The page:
Tuesday, October 5, 2010

Bullying's toll

I'm usually a fairly happy-go-lucky person. I don't dwell for too long on the bad stuff in life, and I think I have pretty solid coping mechanisms. When I heard the news that Rutgers freshman Tyler Clementi committed suicide after an encounter he had with another man was put up on the web without his knowledge or permission, I shuddered.

Then came Ellen's plea on TV about anti-gay bullying, and I began to pay more attention. On the heels of these two tales, the Minneapolis Star Tribune just had a front page story about schools struggling with how to deal with anti-gay bullying after seven, yes SEVEN, students committed suicide IN THE LAST YEAR in one metro district alone.

Double-take. WHAT?! I certainly don't live with my head in the sand, but holy cow, I was, and still am, shocked. So. What does this have to do with writing?

As writers we use words to evoke many emotions, and have the ability to make people feel certain ways. One writer, Julie Ann Peters, uses her stories as a launchpad for numerous social issues. One of her books, By The Time You Read This, I'll Be Dead, directly addresses the issue of youth bullying and suicide. I know there are many other books out there that take on bullying of all kinds, and I applaud those who use their writing magic to expose issues like this, issues that are so easily overlooked.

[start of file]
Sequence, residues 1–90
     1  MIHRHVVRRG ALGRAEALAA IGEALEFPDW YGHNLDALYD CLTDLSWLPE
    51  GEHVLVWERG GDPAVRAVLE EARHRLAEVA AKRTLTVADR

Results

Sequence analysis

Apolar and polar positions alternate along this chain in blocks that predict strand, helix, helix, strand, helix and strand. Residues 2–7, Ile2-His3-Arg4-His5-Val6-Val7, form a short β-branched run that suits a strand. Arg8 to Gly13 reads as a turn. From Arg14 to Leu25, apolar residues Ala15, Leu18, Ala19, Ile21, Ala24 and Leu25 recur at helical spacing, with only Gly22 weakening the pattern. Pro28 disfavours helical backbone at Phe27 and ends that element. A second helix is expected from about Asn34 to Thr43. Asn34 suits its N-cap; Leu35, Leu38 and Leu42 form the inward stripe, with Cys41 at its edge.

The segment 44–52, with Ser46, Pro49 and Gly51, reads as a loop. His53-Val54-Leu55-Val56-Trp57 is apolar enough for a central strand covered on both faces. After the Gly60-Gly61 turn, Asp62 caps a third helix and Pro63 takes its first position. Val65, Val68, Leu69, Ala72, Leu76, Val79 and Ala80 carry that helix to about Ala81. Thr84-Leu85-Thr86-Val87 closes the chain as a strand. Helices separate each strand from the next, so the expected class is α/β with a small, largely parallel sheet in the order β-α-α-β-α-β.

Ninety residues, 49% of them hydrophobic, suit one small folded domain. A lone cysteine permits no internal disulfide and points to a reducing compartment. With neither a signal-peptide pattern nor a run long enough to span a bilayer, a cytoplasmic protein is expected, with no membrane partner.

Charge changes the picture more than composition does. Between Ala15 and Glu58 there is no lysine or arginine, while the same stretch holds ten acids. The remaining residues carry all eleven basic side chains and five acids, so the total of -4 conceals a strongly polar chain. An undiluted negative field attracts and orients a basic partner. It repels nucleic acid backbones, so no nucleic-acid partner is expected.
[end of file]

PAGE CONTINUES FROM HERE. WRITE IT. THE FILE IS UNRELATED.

This unfortunate situation serves to remind me that, as an author, the topics we pick and the choices we make in our stories can make a huge difference to our readers, and can go so far as to be a tie-breaker between death and life. As I travel along my writing journey, I'm going to remember that. No one needs to feel like they are going through this kind of thing alone. There is help and there is hope.
Bingo Barge Murder May 1st, 2011


circuitmouse said...

Thank you~so well stated. I thought for all the iron-stomach moments I'd endured as a volunteer in the LA County General Hospital (largest civilian public hospital in what we used to call the "free world"), I would have a less emotional response to this issue. Perhaps in part it's that my youngest brother is a graduate of the same school as Clementi.

During my years as a journalist it was understood that we had a very high ethic to strive for; you've reminded me that with my fiction, I hope to remember that why I want to write is as much to entertain as be of service.

Mystery authors get short shrift as writers given the opportunity to right wrongs that in the real world are left unresolved. In all likelihood I won't be able to directly save a life, but as they said in the 60s, either you're part of the problem or you're part of the solution.

Sue Ann Jaffarian said...

Excellent and thoughtful post, Jessie. Hopefully these latest bullying-induced tragedies will finally bringing to light and make us do something about the long term and immediate consequences of bullying, no matter if it's gay bashing, fat bashing, or any type of bullying. Recently a high school girl in Massachusetts committed suicide because of taunting over her sexual activity, and still another killed herself over sextexting. You would have thought Columbine would have taught us something. How soon we forget.

As writers, we have a unique opportunity to teach and entertain at the same time - if we have the guts to take on the difficult subjects.